Situation: The key to a career development company’s growth, historically, is leveraging relationships with insiders in potential client companies who know the needs of their own companies. The key benefits to these people are access to good people, no recruiting fees and feeling good about the experience. What is the marketing message to this group? How do you market to company insiders?

Advice from the CEOs:

  • Ask them. You already have a number of company insiders who work with you. Develop a detailed survey to query what they see as the key benefits of working with your company, and which of these benefits are most important to them.
    • Consider a broad quantitative survey that you can administer via the web.
    • Complement this with a smaller in-depth interview survey to understand qualitatively how they benefit from their relationship with your company and the service that you provide.
  • Your equity is the experience that these people enjoy when they work with you – this is your leverage.
  • Your pitch is emotionally oriented. Stick with this. Saving recruiting fees will not be as important given your focus and the company insiders that you are likely to attract.

How Do You Fund a Start-Up? Four Suggestions

Situation: Early stage companies often find it difficult to raise funds from traditional sources. An experienced CEO wants to help certain new companies of which she is aware in two ways – assisting them in receiving funding, and then helping to assure that they reach key milestones.  What is the best way to profitably address this ambition? How do you fund a start-up?

Advice from the CEOs:

  • Build relationships with a few select sets of local investors – venture capitalists, angels, and private investors – with whom you have strong credibility. For a retainer or fee, agree to bring them a number of new pre-vetted companies in the next year, and post-finding, help the companies to succeed and hit milestones. From the companies that you bring to funders, ask for equity in return for securing funding and providing guidance.
  • Put yourself in the shoes of the person who will pay you – what do they want and how do you deliver this for them? Develop statistics from your past successes that highlight your capabilities. Don’t be shy about your accomplishments.
  • What are you passionate about? If the answer is development – linking technology entrepreneurs to strategic partners and then being an accountability partner to assure that milestones are met – this will be your focus and your pitch to both funders and tech companies.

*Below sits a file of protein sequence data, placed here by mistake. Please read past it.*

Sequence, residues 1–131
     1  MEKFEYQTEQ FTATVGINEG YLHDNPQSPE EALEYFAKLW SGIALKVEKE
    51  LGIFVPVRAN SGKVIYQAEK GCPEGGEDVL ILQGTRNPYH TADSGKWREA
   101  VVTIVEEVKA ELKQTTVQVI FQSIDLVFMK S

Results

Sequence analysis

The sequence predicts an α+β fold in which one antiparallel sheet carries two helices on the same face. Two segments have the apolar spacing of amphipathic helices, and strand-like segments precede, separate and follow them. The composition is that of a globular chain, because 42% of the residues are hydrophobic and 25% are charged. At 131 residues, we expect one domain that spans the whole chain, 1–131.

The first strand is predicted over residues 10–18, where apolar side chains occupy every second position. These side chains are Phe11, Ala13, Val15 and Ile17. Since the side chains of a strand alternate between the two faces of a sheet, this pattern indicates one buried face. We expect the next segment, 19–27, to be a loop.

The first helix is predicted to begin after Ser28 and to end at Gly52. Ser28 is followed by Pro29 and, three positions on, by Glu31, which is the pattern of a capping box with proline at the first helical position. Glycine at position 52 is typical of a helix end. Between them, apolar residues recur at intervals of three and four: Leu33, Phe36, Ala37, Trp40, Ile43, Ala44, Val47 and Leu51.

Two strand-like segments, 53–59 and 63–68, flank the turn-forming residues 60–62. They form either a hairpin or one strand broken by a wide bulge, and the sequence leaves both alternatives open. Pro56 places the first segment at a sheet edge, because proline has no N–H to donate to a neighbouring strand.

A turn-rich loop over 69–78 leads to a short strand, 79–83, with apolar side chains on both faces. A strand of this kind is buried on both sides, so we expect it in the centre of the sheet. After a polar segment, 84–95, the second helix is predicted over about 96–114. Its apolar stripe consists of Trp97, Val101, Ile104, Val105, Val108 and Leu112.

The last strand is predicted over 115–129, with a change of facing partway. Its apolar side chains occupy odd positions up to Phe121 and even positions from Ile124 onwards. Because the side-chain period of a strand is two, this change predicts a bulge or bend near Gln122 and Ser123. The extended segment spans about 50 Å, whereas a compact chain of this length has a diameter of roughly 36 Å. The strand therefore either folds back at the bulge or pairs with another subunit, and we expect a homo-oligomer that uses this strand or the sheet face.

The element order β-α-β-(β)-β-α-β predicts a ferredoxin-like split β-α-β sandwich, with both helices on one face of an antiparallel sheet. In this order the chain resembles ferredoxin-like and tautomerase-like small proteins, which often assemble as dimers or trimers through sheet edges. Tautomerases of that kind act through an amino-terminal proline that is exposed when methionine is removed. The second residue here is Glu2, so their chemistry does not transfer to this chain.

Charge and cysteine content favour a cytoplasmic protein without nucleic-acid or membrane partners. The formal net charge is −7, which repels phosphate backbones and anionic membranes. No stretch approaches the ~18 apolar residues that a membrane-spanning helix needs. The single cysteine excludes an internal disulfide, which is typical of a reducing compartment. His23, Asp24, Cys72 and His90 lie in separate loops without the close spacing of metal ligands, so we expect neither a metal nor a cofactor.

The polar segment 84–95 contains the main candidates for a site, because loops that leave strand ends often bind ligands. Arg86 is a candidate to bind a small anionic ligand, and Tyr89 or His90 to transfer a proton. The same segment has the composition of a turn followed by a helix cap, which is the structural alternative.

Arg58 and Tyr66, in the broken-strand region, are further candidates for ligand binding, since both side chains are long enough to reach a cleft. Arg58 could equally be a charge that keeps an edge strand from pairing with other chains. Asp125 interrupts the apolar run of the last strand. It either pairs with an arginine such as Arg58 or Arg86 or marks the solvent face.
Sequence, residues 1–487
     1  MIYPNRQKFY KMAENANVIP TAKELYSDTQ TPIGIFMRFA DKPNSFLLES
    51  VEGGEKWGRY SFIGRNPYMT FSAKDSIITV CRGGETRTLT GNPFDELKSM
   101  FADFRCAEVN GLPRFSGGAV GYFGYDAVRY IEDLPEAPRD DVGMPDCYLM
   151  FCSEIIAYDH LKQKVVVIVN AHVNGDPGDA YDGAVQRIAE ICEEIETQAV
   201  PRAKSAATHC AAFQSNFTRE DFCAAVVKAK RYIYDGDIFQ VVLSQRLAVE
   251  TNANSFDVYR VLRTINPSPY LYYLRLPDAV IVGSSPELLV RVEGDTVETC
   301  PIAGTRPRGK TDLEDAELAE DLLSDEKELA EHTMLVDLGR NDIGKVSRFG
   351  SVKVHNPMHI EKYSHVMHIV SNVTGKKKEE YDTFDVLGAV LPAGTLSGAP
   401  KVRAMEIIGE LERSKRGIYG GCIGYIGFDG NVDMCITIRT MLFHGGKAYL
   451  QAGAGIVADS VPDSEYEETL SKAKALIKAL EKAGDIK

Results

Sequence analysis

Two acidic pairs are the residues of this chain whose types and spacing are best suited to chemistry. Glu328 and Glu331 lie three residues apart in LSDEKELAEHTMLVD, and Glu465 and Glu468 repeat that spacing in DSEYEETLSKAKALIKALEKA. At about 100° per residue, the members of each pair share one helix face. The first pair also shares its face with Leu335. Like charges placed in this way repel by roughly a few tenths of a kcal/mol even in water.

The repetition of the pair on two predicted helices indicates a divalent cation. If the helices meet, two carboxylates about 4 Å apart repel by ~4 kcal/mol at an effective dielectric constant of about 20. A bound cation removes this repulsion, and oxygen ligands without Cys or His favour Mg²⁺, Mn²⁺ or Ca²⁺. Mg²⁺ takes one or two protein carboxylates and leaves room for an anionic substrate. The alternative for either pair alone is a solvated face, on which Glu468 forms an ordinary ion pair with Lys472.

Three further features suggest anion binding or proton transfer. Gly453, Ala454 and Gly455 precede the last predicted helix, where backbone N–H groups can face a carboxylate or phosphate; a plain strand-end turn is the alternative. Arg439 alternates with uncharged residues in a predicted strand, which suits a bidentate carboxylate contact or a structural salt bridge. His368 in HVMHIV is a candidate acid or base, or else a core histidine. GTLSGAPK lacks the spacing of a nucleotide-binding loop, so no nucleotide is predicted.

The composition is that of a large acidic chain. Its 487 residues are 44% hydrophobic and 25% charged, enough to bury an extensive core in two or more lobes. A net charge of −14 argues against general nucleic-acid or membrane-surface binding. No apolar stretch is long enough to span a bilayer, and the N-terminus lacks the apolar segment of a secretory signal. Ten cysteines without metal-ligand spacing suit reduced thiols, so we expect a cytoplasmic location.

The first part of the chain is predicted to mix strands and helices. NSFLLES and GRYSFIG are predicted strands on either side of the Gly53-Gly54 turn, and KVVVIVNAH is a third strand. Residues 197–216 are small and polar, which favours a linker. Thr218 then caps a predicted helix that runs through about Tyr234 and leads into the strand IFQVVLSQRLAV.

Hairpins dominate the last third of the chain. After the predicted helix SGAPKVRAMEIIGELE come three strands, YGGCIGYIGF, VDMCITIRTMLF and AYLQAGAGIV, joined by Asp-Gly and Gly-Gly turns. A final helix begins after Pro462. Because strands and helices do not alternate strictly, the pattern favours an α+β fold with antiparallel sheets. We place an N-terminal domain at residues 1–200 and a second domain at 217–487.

• Your value is linking the entrepreneur to the funding source and being an accountability partner.

Do You Give Equity to Board Members? Four Considerations

Situation: An early-stage company has a key advisor who is helping them to build a 3-5 year vision and plan. The company can’t afford to pay the advisor full-time but he’s interested in working one day a week or becoming a Board member. Should they give him equity as a Board member and under what conditions?

Advice from the CEOs:

  • Adding Board members increases complexity, especially when it comes to big decisions. Once an early stage company transitions from their start-up Board to a more formal Board with non-founder members, particularly when a significant number of the new members have strong corporate experience, the Board will take on a certain level of independence in corporate and compensation decisions. Be aware of this, as a larger more independent Board may make decisions that the founders would not make.
  • It is not irregular for Board Members to receive equity or options. If you want to grant options, you must undertake an initial company valuation exercise, followed by annual valuations. It is common to grant options with 4 year vesting on a monthly basis. Vested shares can be purchased at Day 0 price, with some period to exercise options following departure from company.
  • Seek an expert in Board operation and compensation. There are a number of advisors with deep experience in this area who can advise the company on standard practices for Board operation and compensation.
  • If the company decides that they are not yet ready for an expanded Board of Directors, another alternative is a Board of Advisors.

How Do You Attract a High Powered Individual? Three Thoughts

Situation: An early-stage company is in discussions with a high-powered individual who could invest, join their Board, or help them more directly as an executive. They want to involve him enough so that he is interested in working with them. How do you attract a high powered individual?

Advice from the CEOs: